Escape The Fate

Hate Me

Written by: TL on 09/12/2015 16:57:22

Las Vegas mallcore group Escape The Fate is nothing if not a stubborn project. As much is clear from the fact that we have it back again this year, with a fifth album poetically dubbed "Hate Me", despite the fact that the band's line-up continues to be a revolving door. The Money brothers, Michael and Monte on guitars, left only a few month's after the release of 2013's "Ungrateful", and presently drummer Robert Ortiz and singer Craig Mabbitt are the only members to remain in the same roles as they've performed in on a previous Escape The Fate album.

More so than anything else then, it figures that it is the band's reasonable amount of commercial success that has kept the band playing for second album on Eleven Seven. Because while the Money brothers at least contributed with some lively guitar shenanigans to give "Ungrateful" a sprinkling of enjoyable moments, the current Escape The Fate constellation seems 100% content with writing songs by formula, only allowing new guitarist Kevin 'Thraser' Gruft to flourish in very limited parts, such as in the almost Dragonforce-like tapping extravaganza that comes after a truly awkward tempo change in the later half of opener "Just A Memory". While it serves most artists well to at least learn songwriting conventions and use them as a basis for their own ideas and modifications, Escape The Fate simply fill in the blanks here, doing only a bare minimum to throw some simplistic riffs in and dress their expression up like some sort of 'diet shock rock'. This means that even a song like "Live For Today", which starts out like a decently chunky radio rock tune, goes on complete autopilot when the chorus comes around, and still somehow manages to be arguably the closest the record has to a worthwhile song.

In terms of how much they surprise you, and how much edge and energy they have, the songs on "Hate Me" are rock's equivalent to Katy Perry songs, bar the very sparsely applied screams, which rarely find noteworthy use outside of "Just A Memory" and "Les Enfants Terrible (The Terrible Children)", and only in super generic, screamed verse/clean chorus patterns. Songs like "Remember Every Scar" and "Let Me Be" are hollow 'whoa-oh tracks', and while Mabbitt sings capably across the album, the lyrics feel like he hasn't even been trying - and mind you, he was never a particularly fantastic lyricist to begin with. "Like fire we burn through the night". "I'm gonna fuck you up and set your world on fire". Nice. Who even thinks like that with a straight face?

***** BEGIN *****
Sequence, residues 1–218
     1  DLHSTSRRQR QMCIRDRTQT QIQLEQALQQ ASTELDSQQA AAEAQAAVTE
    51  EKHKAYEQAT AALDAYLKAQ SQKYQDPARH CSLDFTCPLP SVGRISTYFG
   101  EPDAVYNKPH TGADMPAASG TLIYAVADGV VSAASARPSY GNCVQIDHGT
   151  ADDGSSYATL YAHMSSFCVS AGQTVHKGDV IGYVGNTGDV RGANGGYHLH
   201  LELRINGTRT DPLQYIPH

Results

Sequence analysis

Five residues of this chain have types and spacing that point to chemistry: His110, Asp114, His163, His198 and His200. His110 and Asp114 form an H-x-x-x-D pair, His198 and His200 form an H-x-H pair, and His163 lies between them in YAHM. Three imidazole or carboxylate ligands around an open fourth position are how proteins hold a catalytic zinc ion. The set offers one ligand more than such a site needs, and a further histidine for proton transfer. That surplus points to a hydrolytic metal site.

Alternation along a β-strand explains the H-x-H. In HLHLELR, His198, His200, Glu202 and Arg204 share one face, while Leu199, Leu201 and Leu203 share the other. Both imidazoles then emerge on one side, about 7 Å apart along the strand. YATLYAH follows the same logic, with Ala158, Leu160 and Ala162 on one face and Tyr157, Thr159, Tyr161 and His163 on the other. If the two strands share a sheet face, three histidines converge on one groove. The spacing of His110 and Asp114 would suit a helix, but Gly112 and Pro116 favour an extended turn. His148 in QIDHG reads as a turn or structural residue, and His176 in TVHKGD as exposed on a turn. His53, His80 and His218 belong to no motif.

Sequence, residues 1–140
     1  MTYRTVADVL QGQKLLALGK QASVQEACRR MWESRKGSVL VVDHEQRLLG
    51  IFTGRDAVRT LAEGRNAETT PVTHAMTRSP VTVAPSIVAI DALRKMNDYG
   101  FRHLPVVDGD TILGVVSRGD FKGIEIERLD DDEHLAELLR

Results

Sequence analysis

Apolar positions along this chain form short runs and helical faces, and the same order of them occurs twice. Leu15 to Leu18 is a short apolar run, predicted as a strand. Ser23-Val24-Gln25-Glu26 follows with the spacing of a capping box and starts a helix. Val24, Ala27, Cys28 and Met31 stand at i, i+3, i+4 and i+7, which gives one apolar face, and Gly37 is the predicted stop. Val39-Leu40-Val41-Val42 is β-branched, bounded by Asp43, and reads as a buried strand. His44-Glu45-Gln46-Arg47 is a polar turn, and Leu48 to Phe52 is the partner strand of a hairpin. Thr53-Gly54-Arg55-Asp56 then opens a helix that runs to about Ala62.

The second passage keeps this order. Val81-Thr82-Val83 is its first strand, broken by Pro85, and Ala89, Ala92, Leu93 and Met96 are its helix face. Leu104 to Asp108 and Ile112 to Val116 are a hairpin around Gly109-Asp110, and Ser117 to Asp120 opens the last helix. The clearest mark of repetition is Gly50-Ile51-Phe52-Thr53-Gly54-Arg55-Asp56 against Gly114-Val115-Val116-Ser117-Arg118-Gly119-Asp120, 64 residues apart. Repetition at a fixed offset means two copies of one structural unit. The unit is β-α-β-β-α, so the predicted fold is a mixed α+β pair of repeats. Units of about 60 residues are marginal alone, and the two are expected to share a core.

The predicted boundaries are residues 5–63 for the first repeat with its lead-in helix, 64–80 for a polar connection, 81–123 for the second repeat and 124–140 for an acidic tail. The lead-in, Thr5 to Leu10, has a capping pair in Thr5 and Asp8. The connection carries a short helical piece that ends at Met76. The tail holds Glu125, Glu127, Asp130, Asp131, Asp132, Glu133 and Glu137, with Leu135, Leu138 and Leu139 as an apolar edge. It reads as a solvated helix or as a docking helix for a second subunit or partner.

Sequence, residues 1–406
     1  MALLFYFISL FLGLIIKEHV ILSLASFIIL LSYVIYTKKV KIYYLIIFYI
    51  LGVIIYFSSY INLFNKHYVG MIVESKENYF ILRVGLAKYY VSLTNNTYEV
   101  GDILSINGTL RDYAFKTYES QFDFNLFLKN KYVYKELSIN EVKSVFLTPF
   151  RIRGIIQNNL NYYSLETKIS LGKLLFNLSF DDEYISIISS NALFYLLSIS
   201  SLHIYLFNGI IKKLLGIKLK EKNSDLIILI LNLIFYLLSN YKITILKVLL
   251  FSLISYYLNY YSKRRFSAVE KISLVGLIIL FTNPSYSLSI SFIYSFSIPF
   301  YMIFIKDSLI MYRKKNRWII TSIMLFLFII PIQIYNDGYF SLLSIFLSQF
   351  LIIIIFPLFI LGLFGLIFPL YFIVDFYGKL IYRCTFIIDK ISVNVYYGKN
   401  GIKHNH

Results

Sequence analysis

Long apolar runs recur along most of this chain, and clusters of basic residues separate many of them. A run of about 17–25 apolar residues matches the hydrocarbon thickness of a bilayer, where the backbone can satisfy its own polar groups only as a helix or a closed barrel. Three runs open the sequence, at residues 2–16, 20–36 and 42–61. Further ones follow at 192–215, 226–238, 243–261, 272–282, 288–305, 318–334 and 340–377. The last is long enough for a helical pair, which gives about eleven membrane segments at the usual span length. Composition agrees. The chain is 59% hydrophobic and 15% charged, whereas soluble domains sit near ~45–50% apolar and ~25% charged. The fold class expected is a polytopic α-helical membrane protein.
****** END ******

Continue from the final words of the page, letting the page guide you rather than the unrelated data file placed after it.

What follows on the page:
The only halfway good reason to listen to this record is that producer Howard Benson has done a decent job. Not that he has managed to make Escape The Fate seem like they have even a hint of personality in their sound at this point, but at least the mix and power of the sound feels premium, and like someone has done what they could to boost whatever little that works on the album. Really though, Escape The Fate have completely lost any grasp of relevance on this one. It's music for high schoolers, and more specifically for a very particular type of high schooler; Namely the periphal members of the rebel clichés, who follow edgy types around because it's cool and fall for lyrics with the kind of vague outsider bullshit this record is soaked in, yet will inevitably discover in a few years time, that they don't really care for rock music the way they enjoy simple one hit wonders on the radio.

Download: Live For Today
For The Fans Of: Papa Roach, Falling In Reverse, Black Veil Brides

Release date 30.10.2015
Eleven Seven

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